Lucy McRobert, founder of A Focus On Nature, looks at the journey she has been on working in nature conservation, with suggestions of how we can do better as a sector to diversify
I imagine that this has been a difficult time for many of AFON’s members. One day, students will be sitting their GCSEs and there will be a History question about 2020. Will it be remembered as the worst year, where everything went wrong, or as the year that we rewrote the future for the better?
Many of the societal, health, environmental and economic problems we face globally have been caused by inequality, by racial discrimination. I won’t try to make sense of vast global issues. I would like to talk about how we, the Youth Nature Network in the UK and the wider nature sector, can address some of the wider problems we see today. This has involved a certain amount of self-reflection, self-awareness and soul searching.
There is loads of research highlighting why it’s imperative as a sector that we diversify (see links below). This blog is based on my limited time in the nature sector, explained at times with personal anecdotes and experiences. I’ve tried not to make it about ‘me’, but empathy has been crucial to understanding. I speak only for myself; I don’t represent AFON, its members, supporters or sponsors, and I must reiterate my sincere thanks to them for all that they have done to support both the network and me. There are no accusations; rather, I hope that this can act as a coming together, as we all agree to do significantly more, to try harder.
Apologies for the long read. This is a big topic and I haven’t done it justice. I have made mistakes and I take responsibility for those; the culture accidentally fostered in AFON started with my leadership (which ended in 2016) and I apologise for not doing more to make it an inclusive space for VME communities (see here for an excellent explanation of White Privilege). Much was to do with inexperience. I am still proud of what AFON represents for young voices in the UK; I am deeply aware that to have lasting impact and legacy, it must diversify and be representative of all young people, from all ethnicities.
All the suggestions below are ideas I have recently put into practice in my own work and projects. I am immensely grateful to all those who worked with me, supported me and guided me, and for all those who have believed in AFON. I challenge myself to be better and I challenge you and the conservation movement, too.
1. Challenge outdated or dangerous narratives
For eight years, I have met with senior staff from conservation NGOs and repeatedly heard that “young people aren’t interested in nature.” I still hear it today, when all evidence is to the contrary. One of the biggest organic social movements, Greta Thunberg’s #fridaysforfuture climate strikes, is both environmental and self-directed by young people around the world.
Theories become narratives when they are repeated and unchallenged. I hear the same narratives peddled about VME communities: “they’re not interested in nature!” It is said with regret, with remorse, with the view to making it better, but it is still said. I didn’t challenge these narratives. I heard them from the mouths of people I trusted and admired, so I had no reason to doubt. I learned that organisations are not safe places for constructive criticism. I have often earned the reputation of ‘troublemaker’. Although I can be assertive, I never seek conflict; nonetheless I was sometimes perceived as a threat; I asked questions, gently called out inconsistencies and it wasn’t welcome.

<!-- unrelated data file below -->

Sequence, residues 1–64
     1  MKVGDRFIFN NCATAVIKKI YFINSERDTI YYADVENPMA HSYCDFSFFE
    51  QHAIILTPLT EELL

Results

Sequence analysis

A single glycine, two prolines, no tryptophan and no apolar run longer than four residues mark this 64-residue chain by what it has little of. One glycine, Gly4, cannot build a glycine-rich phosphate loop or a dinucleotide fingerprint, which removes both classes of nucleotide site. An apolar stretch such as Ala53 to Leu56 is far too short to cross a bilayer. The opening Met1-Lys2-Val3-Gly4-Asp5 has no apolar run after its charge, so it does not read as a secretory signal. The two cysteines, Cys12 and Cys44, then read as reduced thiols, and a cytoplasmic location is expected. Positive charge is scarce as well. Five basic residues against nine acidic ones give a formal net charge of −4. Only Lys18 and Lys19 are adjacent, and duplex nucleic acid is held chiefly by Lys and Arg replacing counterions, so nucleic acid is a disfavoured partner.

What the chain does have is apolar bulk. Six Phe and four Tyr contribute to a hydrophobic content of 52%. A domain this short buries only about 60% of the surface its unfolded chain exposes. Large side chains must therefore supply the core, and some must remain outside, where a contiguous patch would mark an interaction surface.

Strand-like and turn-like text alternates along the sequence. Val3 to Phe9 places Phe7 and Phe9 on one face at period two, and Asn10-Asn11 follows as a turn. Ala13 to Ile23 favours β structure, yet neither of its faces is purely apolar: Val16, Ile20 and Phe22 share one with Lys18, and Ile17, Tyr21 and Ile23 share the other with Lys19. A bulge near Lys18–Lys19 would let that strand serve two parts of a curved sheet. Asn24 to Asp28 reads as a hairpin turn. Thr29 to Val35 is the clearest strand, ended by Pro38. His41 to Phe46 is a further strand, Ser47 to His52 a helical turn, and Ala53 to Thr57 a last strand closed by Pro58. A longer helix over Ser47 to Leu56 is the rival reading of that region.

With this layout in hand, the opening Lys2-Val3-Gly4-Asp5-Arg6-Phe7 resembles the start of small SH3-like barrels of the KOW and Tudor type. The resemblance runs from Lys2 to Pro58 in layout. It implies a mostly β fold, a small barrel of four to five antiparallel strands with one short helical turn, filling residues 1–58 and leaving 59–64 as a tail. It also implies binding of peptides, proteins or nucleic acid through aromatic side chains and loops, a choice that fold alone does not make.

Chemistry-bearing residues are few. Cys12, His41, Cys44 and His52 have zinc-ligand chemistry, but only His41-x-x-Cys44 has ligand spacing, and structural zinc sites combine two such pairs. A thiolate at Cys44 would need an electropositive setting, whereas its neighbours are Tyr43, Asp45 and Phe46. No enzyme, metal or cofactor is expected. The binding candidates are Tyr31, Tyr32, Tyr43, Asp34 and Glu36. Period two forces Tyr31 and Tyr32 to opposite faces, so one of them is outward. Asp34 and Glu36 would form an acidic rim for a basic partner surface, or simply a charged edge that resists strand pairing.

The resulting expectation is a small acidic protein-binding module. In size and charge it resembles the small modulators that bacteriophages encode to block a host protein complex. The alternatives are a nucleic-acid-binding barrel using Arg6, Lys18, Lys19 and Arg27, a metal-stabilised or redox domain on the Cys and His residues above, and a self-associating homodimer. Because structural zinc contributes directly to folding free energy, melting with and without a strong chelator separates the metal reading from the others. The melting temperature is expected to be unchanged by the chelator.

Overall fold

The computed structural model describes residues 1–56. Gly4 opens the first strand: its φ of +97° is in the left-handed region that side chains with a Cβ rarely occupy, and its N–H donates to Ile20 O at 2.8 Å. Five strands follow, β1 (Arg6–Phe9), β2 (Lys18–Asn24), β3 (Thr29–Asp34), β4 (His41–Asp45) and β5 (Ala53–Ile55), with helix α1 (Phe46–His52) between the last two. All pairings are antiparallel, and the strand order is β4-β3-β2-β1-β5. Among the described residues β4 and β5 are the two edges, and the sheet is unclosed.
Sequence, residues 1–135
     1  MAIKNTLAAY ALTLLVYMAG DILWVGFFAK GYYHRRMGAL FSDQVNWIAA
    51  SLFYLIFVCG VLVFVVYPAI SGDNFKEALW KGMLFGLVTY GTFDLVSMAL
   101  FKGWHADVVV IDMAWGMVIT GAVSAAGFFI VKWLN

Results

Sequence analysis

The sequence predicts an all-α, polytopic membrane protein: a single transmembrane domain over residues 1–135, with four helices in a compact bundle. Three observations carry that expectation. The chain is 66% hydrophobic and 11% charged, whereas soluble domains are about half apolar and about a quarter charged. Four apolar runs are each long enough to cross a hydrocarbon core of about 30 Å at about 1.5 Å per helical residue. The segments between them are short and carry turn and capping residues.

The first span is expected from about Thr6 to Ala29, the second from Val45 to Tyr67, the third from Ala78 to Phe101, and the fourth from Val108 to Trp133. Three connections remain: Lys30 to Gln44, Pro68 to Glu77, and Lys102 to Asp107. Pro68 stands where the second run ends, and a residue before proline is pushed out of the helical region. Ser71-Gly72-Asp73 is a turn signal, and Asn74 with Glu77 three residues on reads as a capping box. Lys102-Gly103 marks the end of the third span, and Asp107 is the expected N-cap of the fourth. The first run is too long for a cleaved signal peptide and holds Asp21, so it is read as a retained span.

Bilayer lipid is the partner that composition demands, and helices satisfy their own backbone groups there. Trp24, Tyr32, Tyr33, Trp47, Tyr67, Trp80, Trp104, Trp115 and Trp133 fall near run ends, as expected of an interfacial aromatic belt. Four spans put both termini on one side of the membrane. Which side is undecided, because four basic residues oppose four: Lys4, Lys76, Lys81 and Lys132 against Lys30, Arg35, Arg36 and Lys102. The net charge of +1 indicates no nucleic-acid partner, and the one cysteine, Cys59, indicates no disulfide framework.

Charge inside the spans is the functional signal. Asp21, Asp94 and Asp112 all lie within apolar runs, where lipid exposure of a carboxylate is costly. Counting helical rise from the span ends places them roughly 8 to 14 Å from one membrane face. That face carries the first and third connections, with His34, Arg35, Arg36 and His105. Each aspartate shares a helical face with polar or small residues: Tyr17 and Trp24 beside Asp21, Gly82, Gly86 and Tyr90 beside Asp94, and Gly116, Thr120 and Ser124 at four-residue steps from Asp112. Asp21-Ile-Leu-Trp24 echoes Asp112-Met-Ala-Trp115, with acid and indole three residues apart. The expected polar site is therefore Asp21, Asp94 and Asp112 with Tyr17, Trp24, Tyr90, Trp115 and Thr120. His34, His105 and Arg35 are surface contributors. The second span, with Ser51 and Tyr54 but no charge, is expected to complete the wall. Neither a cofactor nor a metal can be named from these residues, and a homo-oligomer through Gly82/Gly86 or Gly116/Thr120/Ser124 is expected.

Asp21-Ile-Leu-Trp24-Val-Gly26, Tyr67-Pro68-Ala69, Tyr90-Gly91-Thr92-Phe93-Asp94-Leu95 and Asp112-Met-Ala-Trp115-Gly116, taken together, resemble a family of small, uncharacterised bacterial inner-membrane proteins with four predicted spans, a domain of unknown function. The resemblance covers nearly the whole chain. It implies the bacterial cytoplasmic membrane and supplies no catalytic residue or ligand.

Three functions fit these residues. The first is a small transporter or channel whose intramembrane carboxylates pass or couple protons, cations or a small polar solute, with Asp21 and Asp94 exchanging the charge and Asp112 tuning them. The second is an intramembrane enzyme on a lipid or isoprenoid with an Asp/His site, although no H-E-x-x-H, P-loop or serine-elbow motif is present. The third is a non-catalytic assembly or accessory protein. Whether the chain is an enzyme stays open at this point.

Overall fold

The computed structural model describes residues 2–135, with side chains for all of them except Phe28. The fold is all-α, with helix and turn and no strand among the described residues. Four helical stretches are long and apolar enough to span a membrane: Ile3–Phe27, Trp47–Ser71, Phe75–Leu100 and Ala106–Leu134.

When I started in the conservation sector, I could see that it was predominantly white and this seemed generally accepted; I didn’t challenge the narrative, so inadvertently I perpetuated it. I was so grateful for the support I received from so many individuals, organisations and sponsors it didn’t occur to me to question the framework. To be more diverse is a strategic priority of most environmental NGOs, but they struggle to take this beyond words.
In part thanks to growing friendships and initiatives like #BlackBirdersWeek, I have learned more about groups like the Black Environment Network, POC in Nature, Black Girls Hike, Climate Reframe and Mya-Rose Craig’s Black2Nature – read her thread here. The very existence of these groups shows that mainstream UK conservation isn’t inclusive; if VME communities feel excluded from nature experiences in the UK then that is the fault of the professional organisations and not those communities. We can start by challenging outdated narratives. Question them. Do your own research. Make new contacts.
2. Go the extra mile to start the conversation
A few years ago, I joined my local WI. When I arrived (excited!) I was the youngest in the room by about 30 years, most at least 35 years or more my senior. Initially, it was great fun. However, my friends were all on the committee, so when tea was served, they bustled off. I was left with strangers. I glanced around at the other new starters who were in animated chitchat; those near me suddenly seemed very keen to catch up with friends. I sat smiling and feeling more awkward as each minute passed. This cycle repeated for four meetings. I was even invited to speak to a regional gathering; I accepted enthusiastically, hoping it would lead to assimilation, but I couldn’t escape the uneasiness. After six months I gave up.